The FDA handed an accelerated approval to the corticosteroid budesonide (Tarpeyo) to help reduce proteinuria in adult patients with primary immunoglobulin A (IgA) nephropathy who are at risk for rapid disease progression.
IgA nephropathy, or Berger’s disease, is “a rare kidney disease that occurs when IgA (a type of antibody) deposits build up in the kidneys, causing inflammation that damages kidney tissues,” the FDA explained. “The deposits can cause the kidneys to leak blood and protein into the urine. IgA nephropathy complications can include high blood pressure and chronic kidney disease, which can sometimes progress to kidney failure.”
This accelerated approval was based on findings from the APPLAUSE-IgAN study, which was conducted among a cohort of patients with IgA nephropathy, reduced kidney function, and proteinuria who were taking a stable dose of maximally tolerated renin-angiotensin system inhibitor therapy. Patients were randomized to receive either 16 mg of budesonide delayed release capsules or placebo once daily for nine months, followed by a two-week tapering period where they received either 8 mg of budesonide or placebo once a day.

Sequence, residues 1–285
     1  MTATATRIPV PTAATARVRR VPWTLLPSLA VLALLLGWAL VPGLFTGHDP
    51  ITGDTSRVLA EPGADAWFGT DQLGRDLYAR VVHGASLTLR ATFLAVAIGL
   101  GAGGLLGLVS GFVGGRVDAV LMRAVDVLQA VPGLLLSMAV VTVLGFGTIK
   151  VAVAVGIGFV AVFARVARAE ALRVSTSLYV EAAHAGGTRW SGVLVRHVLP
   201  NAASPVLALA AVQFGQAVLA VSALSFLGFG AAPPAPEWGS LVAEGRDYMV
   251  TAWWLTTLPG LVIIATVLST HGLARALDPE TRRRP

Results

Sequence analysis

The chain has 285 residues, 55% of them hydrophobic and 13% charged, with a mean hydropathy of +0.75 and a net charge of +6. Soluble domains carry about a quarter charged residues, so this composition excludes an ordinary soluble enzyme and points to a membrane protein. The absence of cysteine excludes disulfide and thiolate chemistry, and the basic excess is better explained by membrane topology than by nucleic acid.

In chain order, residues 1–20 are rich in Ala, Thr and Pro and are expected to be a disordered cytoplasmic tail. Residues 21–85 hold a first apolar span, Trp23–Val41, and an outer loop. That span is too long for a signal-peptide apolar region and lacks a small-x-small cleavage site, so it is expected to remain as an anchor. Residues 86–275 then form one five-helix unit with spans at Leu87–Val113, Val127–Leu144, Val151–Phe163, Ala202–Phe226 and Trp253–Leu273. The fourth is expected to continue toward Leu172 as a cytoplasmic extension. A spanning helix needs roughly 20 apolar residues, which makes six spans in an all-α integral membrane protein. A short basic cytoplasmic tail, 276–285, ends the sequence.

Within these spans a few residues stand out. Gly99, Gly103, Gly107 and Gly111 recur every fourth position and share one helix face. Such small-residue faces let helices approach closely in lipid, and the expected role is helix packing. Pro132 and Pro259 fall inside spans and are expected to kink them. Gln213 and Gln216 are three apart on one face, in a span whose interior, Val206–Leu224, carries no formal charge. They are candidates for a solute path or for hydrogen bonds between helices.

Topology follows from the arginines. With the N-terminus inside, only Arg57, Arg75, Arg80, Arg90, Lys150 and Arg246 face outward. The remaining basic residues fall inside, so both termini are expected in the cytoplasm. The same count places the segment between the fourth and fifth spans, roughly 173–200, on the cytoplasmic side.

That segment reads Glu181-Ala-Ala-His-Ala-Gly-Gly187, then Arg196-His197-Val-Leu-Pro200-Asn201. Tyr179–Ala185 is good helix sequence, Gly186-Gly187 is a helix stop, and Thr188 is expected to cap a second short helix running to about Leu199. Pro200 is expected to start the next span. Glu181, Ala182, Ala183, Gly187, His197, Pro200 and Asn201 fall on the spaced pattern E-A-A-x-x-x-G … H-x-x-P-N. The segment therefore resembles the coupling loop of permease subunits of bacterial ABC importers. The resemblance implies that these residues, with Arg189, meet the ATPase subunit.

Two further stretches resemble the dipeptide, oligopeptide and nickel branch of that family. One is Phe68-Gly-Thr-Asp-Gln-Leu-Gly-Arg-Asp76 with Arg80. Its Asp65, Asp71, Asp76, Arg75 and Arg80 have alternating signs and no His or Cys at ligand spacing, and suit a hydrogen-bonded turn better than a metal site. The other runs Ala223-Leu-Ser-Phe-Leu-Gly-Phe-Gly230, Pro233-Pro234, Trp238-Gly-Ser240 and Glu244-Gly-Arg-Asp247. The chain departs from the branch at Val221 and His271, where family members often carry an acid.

“The primary endpoint was the percentage reduction in urine protein-to-creatinine ratio (UPCR) at nine months compared to the beginning of the study,” the FDA wrote. “The UPCR is a method to estimate daily protein excretion in the urine, with a lower number indicating less protein. At nine months, research participants receiving [budesonide] had an average 34% reduction in UPCR, whereas participants receiving the placebo had an average 5% reduction in UPCR.”
Despite this approval, the agency noted that the APPLAUSE-IgAN study did not establish whether or not budesonide slows kidney function decline in this patient population—a condition of the accelerated approval is that the drug’s manufacturer conduct an ongoing study to confirm that the medication slows kidney function decline.
The FDA warned that, as a corticosteroid, budesonide can cause similar side effects to other drugs in this class, including hypercortisolism and adrenal suppression. What’s more, budesonide is an immunosuppressant and should not be given to patients with tuberculosis, untreated infections, or ocular herpes simplex.
The most common side effects of budesonide in this patient population included hypertension, peripheral edema, muscle spasms, acne, dermatitis, increased weight, dyspnea, face edema, dyspepsia, fatigue, and hirsutism.
John McKenna, Associate Editor, BreakingMED™
Cat ID: 127
Topic ID: 81,127,730,127,192,725,925